There’s so much incredible nature to experience while in Costa Rica, but the white sand beaches on the Nicoya Peninsula should not be overlooked. This beach resort is a touch harder to get to, but it’s worth it for this oasis. While there, spend your time luxuriating at the spa, moving with their daily yoga sessions, practicing Pilates, surfing the waves, zip-lining through the canopy, and riding horses. 

  • Price point: $$$
  • Area: Santa Taresa on the Nicoya Peninsula. Fly into San José and arrange a domestic flight to Tambor. 
  • Amenities: Pool, open-air yoga, Shala Beach access, Pilates, surfing, SUP, fishing, zip-lining, horseback riding, access to volunteer work, farm-to-table restaurants
  • Book now: https://florblanca.com/

what to do in costa rica

There’s a lot to cover in the country, so you may not be able to do it all depending on the duration of your stay, but here are a few activities that should be on the list of considerations: 


Water sports—there’s plenty to choose from. 

Whether you’re on one of the coasts or further inland, there’s usually some water activity to explore. The most famous option is surfing, and the best spots are found on the Pacific Coast: Tamarindo hosts several international surfing competitions per year. For those who want a calmer but no less productive endeavor, stand-up paddle-boarding (SUP) offers the water scenery, with a hefty side of core work. When inland, you may enjoy white water rafting or kayaking on one of the country’s rivers: Pacuare River is the most scenic and gets up to class 4 rapids.   

Since so much of the country’s land is protected federally, there’s ample opportunity to hike. Some of the most beloved National Parks are Arenal (one of the most trafficked and popular—and has an active volcano), Santa Rosa (on the northern Pacific Coast, it offers both tropical dry forests and sand beaches), and Tenorio (much more challenging but stunning scenery). For beginners or those who don’t hike often, we recommend booking a guided tour where available—not only is it the safer option, but you’ll likely learn a lot about the surrounding ecosystem during it. 

Zip-lining and canopy tours are some of the most thrilling ways to explore the lush scenery, as long as you can deal with heights. There are several options out there, depending on what area of Costa Rica you’re in, and each has its own unique touch. A quick highlight: If you’re on the north Pacific Coast (around Liberia in the Guanacaste region), the best is The Diamante Superman zip line, which is one the longest zip lines in the world.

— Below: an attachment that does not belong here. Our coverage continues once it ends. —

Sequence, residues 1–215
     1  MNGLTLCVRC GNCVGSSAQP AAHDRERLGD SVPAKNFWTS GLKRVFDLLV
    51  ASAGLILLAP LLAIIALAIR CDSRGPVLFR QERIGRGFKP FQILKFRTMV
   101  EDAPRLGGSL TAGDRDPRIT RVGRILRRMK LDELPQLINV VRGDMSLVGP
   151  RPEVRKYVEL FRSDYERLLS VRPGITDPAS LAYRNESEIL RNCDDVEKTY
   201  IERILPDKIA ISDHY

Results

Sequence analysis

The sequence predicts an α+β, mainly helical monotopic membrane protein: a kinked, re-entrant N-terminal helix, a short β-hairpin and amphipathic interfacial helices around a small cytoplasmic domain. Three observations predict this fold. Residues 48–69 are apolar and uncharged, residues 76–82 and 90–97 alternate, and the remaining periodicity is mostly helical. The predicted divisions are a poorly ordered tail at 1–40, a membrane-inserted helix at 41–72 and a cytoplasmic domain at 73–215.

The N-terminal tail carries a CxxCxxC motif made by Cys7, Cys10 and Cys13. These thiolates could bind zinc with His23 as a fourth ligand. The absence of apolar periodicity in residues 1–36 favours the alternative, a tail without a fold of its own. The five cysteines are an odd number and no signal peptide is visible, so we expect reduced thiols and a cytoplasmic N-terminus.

If you fly into or out of San José, be sure to spend some time checking out the city’s cultural institutions. There are museums aplenty: Stop by Museo del Jade to learn about Costa Rica’s archaeological and artistic heritage, Pre-Columbian Gold Museum for stunning artifacts, and the National Museum for history. And don’t miss the San José Central Market, which features local vendors for artisan keepsakes. 

Local tip:

“It’s an amazingly safe country: Locals love foreigners, and in touristy areas everyone speaks some English. People are generally very kind and happy,” says HiR Fine Dining founder and chef Noam Mercedes Kostuck. “In addition, women’s rights are highly developed in Costa Rica: Women are very protected by the government.”

what to eat in costa rica

Here are some local favorites that fuel your trip.


A stunning gastrointestinal experience from chef Santiago Fernández Benedetto. He has worked all over the world—in some of the best restaurants and most luxurious hotels—and has taken this expertise in sophistication to the country’s capital city. The dishes are inspired by his family recipes and pay homage to his own heritage through artisanal, local sources. In fact, the tasting menu is made with 99% Costa Rican products.

  • Price point: $$$
  • City: San José
  • Dietary consideration options: locally sourced ingredients, organic, pescatarian  
  • Setting: Elevated casual
  • Menu & info: https://www.restaurantesilvestre.com/

HiR Fine Dining